Article for Pensions Management April 03

Arguments for a Decent State Pension...

The Government’s aspiration is to reverse the balance of pension provision from the current 60:40 ratio between state and private funding. Though arbitrary, this target is based on the accepted wisdom that funded pensions are superior to “Pay As You Go” (PAYG). Stakeholder pensions were introduced to provide a new investment vehicle to help bridge the gap (at least 2.5%GDP) between what we allocate from taxation and savings and what is needed to afford a decent standard of living in retirement.

Since then, not only has the availability of stakeholder pensions failed to stimulate additional saving but we have seen the declining willingness of employers to provide good quality pensions because of the collapse of the stock market and demographic pressures.

As it becomes clear that the pensions gap is not going to be filled by increased voluntary saving, the Government has reluctantly had to contemplate the option of compulsion. The reason for the reluctance is clear -  if the Government compels people to contribute, it will have to take responsibility for the outcome.  Making employer contributions compulsory carries the risk that employers will simply compensate by cutting jobs or wages.  Likewise, forced employee contributions will reduce the disposable income of low earners but offer no guaranteed outcome.  Worse still, from the Government’s point of view, compulsory contributions will be seen as a tax and will lead to questions about the value for money of compulsory private pensions (which could mean compelling people to make poor investments) compared with that of state provision from taxation. 

Time then to re-consider the assumption that the proportion of GDP to be paid out in state pensions must be held around 5% GDP because provision through PAYG is undesirable?

This is explored in a paper by Christopher Downs published in a recent Citizen’s Income newsletter ( The concept of funding for a social security programme is that assets must be accumulated to match liabilities. This is justified in the case of a private scheme because of the need to cater for the eventuality of failing to enroll new customers whilst still having to pay benefits to its old customers.  In reality, the purpose of pensions is to allow people to carry forward consumption possibilities.  As individuals we may save to buy financial assets but we are dependent on others to provide the goods and services we need when we stop working –or as Downs puts it (quoting Paul Samuelson), if Robinson Crusoe were alone, he would die at the beginning of his retirement.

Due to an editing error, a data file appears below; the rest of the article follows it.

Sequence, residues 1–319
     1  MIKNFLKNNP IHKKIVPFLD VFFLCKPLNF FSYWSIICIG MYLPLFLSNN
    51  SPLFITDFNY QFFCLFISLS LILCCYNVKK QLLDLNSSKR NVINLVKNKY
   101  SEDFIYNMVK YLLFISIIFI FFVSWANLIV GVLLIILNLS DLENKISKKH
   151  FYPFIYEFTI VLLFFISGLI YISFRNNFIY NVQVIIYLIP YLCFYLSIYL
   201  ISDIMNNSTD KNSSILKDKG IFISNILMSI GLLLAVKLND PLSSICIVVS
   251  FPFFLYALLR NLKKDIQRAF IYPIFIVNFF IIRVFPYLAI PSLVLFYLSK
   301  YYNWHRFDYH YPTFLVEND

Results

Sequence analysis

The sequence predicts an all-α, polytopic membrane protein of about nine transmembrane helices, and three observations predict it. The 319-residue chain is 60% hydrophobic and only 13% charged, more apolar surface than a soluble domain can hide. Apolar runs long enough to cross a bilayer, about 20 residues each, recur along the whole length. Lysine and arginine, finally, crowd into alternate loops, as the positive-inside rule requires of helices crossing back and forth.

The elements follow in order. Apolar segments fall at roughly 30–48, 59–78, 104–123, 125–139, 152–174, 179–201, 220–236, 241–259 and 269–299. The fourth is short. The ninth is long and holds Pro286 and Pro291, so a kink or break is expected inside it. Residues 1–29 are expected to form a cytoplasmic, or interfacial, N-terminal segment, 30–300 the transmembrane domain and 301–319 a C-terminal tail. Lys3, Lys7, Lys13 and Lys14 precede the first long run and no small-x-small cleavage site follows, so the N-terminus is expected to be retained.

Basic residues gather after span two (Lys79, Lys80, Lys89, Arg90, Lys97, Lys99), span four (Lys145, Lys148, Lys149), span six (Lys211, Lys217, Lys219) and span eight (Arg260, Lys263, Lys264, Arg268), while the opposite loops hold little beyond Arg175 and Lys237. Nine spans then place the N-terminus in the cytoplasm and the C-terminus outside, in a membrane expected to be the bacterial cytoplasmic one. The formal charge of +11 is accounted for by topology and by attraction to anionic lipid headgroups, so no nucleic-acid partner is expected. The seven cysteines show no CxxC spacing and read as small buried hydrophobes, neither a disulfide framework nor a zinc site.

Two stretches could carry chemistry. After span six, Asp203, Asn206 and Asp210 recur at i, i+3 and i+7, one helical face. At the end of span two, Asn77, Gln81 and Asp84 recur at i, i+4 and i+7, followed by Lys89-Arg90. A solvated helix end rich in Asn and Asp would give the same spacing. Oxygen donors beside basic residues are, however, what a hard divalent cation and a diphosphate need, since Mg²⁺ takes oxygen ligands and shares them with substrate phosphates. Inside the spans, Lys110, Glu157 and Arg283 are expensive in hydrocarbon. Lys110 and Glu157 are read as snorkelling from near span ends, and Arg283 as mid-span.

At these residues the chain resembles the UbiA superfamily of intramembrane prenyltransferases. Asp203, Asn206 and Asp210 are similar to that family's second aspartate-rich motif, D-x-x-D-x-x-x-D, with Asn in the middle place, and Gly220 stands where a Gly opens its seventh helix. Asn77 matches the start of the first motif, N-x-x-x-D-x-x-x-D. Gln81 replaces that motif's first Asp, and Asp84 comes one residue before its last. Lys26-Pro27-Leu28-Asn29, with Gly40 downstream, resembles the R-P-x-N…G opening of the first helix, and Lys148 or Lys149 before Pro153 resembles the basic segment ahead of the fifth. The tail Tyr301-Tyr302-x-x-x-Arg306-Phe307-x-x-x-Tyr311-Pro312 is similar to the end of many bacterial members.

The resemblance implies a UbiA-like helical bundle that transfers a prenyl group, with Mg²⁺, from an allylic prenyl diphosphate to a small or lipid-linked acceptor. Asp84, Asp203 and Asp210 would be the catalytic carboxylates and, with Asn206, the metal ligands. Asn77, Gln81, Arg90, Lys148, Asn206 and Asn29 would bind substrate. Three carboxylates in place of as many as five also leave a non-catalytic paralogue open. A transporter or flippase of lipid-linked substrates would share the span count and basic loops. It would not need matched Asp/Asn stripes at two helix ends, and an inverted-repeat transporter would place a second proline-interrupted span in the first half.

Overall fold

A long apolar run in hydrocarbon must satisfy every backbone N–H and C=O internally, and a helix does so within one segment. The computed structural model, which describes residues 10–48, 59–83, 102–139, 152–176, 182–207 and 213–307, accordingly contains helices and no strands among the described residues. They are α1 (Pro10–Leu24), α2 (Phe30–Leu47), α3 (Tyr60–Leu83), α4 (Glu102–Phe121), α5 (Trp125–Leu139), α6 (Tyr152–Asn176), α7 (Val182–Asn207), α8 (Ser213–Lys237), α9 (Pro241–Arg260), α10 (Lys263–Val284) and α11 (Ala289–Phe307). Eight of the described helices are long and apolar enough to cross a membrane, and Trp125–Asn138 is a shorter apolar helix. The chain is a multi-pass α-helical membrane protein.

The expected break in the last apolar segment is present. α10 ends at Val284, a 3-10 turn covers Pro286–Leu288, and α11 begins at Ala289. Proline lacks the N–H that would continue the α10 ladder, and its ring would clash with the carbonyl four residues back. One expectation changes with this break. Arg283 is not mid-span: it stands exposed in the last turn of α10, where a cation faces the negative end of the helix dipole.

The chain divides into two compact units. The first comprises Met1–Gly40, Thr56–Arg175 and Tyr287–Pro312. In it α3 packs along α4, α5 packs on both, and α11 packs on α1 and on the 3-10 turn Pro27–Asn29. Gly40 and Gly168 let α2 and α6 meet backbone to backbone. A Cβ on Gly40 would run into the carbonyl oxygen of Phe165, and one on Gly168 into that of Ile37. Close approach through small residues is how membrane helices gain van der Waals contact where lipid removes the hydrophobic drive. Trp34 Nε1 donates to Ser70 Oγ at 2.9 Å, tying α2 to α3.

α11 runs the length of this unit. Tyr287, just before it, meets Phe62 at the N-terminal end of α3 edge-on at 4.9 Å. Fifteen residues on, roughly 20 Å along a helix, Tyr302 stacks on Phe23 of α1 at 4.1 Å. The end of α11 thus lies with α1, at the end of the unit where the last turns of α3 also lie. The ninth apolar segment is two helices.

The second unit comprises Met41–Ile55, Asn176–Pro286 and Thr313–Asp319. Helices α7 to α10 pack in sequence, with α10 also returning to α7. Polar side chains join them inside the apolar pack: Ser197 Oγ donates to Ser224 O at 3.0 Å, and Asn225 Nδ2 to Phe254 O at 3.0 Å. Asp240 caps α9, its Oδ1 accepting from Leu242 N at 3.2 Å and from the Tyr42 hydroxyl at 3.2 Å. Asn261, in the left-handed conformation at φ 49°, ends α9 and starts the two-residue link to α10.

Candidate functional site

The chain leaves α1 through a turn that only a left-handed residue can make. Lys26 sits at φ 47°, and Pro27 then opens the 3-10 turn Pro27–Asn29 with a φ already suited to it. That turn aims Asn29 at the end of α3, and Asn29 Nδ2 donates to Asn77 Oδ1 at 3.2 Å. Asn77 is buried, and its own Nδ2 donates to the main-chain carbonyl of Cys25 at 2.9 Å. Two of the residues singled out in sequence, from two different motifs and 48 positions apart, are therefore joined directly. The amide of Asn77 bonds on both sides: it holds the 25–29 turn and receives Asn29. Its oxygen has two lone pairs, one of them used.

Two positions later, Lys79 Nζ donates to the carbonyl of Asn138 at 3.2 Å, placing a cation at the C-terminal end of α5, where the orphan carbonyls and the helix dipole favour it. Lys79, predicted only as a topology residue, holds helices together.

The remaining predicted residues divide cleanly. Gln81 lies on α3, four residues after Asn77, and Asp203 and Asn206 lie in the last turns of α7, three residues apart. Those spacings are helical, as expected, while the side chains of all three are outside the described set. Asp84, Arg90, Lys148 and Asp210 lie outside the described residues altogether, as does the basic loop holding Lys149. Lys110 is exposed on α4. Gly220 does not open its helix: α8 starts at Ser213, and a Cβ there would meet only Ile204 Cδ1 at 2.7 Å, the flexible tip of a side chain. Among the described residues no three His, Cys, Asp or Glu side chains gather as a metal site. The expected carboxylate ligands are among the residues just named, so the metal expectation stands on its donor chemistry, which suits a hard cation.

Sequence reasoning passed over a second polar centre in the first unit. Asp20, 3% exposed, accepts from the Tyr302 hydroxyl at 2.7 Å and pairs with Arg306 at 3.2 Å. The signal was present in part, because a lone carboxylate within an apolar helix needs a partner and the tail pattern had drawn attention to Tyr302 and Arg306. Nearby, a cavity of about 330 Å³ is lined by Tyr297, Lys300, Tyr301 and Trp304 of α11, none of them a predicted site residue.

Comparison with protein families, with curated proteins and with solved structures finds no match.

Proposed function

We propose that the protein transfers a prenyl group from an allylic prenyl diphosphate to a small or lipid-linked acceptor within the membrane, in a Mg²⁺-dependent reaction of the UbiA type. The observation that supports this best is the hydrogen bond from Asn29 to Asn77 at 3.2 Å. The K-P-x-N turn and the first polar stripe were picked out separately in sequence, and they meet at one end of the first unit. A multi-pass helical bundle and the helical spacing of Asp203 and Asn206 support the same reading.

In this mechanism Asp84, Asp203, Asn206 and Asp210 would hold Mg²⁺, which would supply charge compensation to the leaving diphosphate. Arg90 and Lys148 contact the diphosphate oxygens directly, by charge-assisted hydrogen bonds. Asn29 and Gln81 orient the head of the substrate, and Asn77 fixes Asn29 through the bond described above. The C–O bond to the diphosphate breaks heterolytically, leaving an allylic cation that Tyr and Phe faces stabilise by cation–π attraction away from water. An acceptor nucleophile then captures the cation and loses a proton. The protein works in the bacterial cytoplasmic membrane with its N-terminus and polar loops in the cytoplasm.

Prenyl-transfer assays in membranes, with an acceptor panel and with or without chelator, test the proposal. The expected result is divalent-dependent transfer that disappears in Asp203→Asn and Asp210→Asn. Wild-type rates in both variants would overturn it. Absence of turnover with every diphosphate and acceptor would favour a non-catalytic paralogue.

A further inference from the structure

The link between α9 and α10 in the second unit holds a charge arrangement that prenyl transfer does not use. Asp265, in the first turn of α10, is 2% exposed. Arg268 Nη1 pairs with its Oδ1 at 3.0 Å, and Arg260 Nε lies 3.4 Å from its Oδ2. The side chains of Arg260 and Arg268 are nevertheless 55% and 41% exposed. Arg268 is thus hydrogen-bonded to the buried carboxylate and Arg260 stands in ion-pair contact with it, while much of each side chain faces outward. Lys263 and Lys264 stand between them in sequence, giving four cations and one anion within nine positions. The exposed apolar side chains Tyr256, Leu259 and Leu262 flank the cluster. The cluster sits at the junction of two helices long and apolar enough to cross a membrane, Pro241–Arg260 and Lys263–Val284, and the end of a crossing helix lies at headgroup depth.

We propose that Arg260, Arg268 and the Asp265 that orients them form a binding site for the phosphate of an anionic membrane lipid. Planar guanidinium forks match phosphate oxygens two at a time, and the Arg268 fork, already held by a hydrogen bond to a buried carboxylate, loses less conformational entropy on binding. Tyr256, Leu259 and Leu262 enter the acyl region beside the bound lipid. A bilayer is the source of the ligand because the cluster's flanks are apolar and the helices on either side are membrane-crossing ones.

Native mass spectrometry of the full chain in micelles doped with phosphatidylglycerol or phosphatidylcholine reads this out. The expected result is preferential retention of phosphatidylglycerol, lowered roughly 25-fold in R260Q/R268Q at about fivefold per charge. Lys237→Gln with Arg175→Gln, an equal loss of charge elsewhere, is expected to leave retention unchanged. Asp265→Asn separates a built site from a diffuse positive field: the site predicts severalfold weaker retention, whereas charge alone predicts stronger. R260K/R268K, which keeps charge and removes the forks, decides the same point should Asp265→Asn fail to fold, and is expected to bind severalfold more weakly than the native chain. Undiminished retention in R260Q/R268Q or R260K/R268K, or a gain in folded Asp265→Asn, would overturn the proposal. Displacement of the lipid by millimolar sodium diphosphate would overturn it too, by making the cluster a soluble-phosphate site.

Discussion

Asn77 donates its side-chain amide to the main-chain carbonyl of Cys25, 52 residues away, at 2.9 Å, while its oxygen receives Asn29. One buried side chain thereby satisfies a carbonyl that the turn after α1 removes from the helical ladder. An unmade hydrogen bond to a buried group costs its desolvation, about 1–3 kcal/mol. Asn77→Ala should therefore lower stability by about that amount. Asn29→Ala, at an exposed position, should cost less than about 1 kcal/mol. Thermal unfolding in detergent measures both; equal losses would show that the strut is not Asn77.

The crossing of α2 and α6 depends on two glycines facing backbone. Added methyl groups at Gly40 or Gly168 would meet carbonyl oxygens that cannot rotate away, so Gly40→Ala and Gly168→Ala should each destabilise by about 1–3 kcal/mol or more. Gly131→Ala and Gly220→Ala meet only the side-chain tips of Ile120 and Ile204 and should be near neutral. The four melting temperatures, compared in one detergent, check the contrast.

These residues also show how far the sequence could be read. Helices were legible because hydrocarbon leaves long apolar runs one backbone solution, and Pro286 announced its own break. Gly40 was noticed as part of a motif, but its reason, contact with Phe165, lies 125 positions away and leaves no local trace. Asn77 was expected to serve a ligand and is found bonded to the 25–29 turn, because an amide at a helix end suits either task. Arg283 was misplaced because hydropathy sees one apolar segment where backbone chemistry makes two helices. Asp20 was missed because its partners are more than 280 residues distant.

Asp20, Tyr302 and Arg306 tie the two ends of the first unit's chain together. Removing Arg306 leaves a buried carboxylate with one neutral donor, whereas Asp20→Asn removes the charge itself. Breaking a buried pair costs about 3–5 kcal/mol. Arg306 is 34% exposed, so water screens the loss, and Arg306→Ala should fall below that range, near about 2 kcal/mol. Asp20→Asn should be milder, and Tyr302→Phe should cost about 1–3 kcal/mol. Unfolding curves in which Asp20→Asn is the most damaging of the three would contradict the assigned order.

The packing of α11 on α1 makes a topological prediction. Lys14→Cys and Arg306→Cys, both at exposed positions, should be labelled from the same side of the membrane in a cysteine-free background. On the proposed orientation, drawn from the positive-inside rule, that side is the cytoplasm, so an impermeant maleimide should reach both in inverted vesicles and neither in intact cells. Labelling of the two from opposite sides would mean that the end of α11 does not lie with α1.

The only way real wealth is transferred is to build physical infrastructure and human capital.  Today, we are still benefiting from the investment of the past, for example the sewers and bridges built by Victorians and the inventiveness of educated people. Thus a PAYG system in which taxes on younger members of society pay the pensions of older people can be justified on the basis of the past contributions to society of older members.  The costs of organizing the system are also lower due to economies of scale and the fact that there are no costs involved in persuading citizens to sign up to the scheme.

Of course the counter arguments are that productive investment is not undertaken because of crowding out and labour is not applied to produce useful output because of taxes on labour.   However, it can hardly be argued that private saving is being crowded out

and at the same time advocate compulsory pensions savings.  It is also a fact that the Anglo-Saxon equity culture and extensive funding of private pension schemes are actually associated with lower savings rates.  As John Kay pointed out in a recent article in the Financial Times, the main effect of increased demand for equities has been to bid up prices, not create tangible assets that will feed us in 2040.  As for the need to restrict taxes on labour, the advantage of PAYG is that there can be a wider tax base that can include, for example environmental taxes.

Thus I would argue that we need to challenge the notion that a decent state pension system is unaffordable. Confidence in the state as future pension provider has been undermined by the propaganda that PAYG is inefficient and saddles future generations with the costs of the present. But the recent collapse of confidence in private provision should lead us to take a more balanced approach between the risks of market failure and the political risks of relying on future governments to honour the “pensions promise”.   Surely the trick here is to devise a universal system that everyone understands so that state pensions cannot be cut without damaging political consequences?

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